The King's Speech


I was part of the way through a mid-afternoon newscast on CHPQ-AM Radio in Parksville, BC when the hiccups started.

"There was a head-on collision this morning on the Island Highway that HIC!....took the life of three people," I began.

"According to police, slick highway conditions HIC!...may have been a contributing factor."

Every couple of seconds in the remaining five minutes of the news, I involuntarily erupted with a thunderous HIC!, getting louder and louder as the malady took root.

"In sports, the Montreal Canadians beat the Boston HIC!...," I said, as I laughed, surrendering to the absurdity of the moment.

To put it into context, CHPQ was a small radio station in what was then, a tiny market, primarily serving the multitudes of seniors living out their best years in the Vancouver Island paradise.  We were a staff of two when I first began, with the General Manager taking care of sales, production, and the afternoon drive show while I did news and mornings.  Oftentimes, I was the lone person in the station, situated in a 1950s-era strip mall just a couple of blocks up from Rathtrevor Beach, a bastion for sunbathing and sand castle building.

Phone calls and advice from my devout silver haired listeners started pouring in as I acquiesced to the hiccups, shut down the microphone, and focused on spinning tunes. (This was back in the day when our "playlist" was a stack of records.)

I had no control over my voice, my ability to communicate, for a brief sliver of time.  How George VI managed to find the courage to fulfill his duties - first as Duke of York and later as King, following the abdication of his brother Edward VIII - despite a paralyzing stammer, I can't even begin to imagine.


The King's Speech, directed by Tom Hooper and starring Colin Firth as George VI, attempts to give us a first person perspective of what it might have been like for Prince Albert, Duke of York, Birtie (nickname for Albert), King.


Time stands still as the words struggle to jump from the mind, up the throat, across the palette and through the lips. The silence is interminable, the wait, forever.


In every scene that Firth's character is expected to speak, the intensity and anxiety build, like waiting for that hiccup that is about to interrupt an unsuspecting sentence.  The camera angles, the elongation of time, the sound editing, all combine to take us into the heart of the Reluctant King.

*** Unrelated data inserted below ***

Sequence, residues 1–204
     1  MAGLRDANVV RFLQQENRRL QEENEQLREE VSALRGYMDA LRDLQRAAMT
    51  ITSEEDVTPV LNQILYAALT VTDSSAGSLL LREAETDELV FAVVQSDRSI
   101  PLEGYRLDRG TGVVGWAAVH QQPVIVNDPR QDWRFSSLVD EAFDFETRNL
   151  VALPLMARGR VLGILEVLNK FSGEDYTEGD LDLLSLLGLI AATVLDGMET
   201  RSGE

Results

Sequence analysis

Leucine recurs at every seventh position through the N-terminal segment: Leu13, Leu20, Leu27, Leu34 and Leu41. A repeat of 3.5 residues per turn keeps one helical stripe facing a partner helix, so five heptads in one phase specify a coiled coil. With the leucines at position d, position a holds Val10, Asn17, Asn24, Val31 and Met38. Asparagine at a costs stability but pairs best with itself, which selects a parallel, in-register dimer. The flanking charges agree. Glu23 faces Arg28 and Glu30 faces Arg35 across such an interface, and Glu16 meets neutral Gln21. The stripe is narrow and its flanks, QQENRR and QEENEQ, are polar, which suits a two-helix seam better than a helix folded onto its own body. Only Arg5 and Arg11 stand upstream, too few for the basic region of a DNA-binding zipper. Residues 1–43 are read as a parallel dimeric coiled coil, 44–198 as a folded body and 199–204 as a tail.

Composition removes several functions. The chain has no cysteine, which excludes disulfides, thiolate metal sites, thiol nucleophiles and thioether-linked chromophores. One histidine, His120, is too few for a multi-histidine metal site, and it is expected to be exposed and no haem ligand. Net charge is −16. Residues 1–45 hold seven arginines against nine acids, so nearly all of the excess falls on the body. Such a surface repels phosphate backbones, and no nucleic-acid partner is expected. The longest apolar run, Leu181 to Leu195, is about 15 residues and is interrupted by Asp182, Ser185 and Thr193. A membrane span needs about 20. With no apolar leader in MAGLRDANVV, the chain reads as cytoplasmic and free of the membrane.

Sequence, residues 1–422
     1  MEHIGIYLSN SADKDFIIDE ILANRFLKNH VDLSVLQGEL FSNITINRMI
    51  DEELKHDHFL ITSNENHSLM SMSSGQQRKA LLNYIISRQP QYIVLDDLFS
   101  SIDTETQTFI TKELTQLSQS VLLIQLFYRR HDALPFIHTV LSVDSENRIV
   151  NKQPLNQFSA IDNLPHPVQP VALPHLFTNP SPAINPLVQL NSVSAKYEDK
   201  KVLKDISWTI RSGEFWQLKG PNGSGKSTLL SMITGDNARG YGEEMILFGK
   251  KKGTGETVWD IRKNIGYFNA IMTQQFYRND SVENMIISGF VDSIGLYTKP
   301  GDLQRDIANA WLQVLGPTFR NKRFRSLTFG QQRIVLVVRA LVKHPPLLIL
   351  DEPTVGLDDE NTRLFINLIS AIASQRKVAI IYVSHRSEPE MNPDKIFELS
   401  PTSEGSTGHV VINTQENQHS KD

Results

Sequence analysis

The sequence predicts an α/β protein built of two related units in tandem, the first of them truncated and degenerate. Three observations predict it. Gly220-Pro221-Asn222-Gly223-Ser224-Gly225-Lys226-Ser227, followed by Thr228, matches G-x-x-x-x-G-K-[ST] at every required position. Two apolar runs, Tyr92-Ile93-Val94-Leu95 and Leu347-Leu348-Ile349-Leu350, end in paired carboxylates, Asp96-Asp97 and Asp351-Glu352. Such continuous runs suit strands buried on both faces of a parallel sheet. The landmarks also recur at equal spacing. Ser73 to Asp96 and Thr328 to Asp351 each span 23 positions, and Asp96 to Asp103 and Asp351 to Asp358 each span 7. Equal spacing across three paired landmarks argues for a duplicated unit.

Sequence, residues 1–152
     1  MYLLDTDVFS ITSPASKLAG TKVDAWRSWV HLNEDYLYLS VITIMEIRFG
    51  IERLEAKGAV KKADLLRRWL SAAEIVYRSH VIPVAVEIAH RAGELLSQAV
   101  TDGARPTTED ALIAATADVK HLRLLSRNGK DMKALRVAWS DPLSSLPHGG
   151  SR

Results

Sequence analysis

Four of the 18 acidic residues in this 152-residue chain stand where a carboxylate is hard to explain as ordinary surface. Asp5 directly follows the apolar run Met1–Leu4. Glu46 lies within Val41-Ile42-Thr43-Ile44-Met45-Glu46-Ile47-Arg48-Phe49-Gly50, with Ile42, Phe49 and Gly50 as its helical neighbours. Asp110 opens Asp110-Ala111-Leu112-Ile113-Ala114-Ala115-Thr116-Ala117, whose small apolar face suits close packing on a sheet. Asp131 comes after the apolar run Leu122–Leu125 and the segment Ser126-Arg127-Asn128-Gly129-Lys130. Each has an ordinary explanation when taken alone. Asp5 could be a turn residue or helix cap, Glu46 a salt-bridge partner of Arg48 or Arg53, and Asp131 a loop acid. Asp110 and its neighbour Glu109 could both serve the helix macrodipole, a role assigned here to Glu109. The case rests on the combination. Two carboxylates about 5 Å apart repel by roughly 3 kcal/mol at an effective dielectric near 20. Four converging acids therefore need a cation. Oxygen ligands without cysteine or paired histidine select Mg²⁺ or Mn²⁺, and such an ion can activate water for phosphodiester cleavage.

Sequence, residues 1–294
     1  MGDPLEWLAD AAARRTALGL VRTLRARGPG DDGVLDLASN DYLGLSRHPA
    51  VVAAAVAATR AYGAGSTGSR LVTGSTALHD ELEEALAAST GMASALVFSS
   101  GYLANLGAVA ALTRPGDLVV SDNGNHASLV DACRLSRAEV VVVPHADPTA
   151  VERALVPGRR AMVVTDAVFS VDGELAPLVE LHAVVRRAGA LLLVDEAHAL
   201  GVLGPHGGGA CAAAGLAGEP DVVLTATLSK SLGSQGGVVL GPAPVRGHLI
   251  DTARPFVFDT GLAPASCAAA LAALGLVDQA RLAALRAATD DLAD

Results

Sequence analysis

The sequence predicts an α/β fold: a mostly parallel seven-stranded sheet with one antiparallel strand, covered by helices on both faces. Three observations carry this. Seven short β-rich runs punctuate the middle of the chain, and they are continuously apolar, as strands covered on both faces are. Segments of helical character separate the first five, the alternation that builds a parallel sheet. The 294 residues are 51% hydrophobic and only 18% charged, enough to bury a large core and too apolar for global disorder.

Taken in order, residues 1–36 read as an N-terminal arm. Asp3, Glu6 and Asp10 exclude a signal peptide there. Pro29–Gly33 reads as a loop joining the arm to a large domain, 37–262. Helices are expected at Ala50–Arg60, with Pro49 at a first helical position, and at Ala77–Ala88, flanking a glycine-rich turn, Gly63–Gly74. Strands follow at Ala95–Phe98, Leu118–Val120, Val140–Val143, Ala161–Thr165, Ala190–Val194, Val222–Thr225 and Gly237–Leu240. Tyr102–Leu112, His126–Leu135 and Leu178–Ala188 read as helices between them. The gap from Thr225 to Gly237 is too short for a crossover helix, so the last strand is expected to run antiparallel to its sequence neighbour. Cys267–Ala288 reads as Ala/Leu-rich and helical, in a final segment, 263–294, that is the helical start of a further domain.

Geoffrey Rush is sublimely brilliant as Lionel Logue, an Australian born wannabe actor turned speech therapist who created treatments to assist shell-shocked soldiers after WWI.  He was brought in to work with  Birtie after all others failed.  They started working together in 1926, the year after a dreadfully painful speech at Wembley Stadium for the British Empire Exhibition, the event that opens the film.


By 1927 the stammer had been overcome, though Lionel and Bertie continued speech therapy for the next several decades becoming lifelong friends.


When the footlights are shining up at you, when an expectant audience awaits your next sentence, as your colleagues on stage hope and pray for you to find your next line, time stops and you find yourself in a silent and lonely place.  Those of us who have tread the boards have all been there, in that moment when our minds go blank and we have no idea what to say next.  The fear, anxiety and hopelessness are all-consuming - feelings that must have been constant companions of the father of our Queen.


That the King found his speech, we are grateful, as he was able to substantively inspire the outcome of our fight against tyranny in WWII.  That this private portion of a very public life was illuminated in film, we are also grateful.  That The King's Speech won many of the biggest film awards of the year, we are not surprised.

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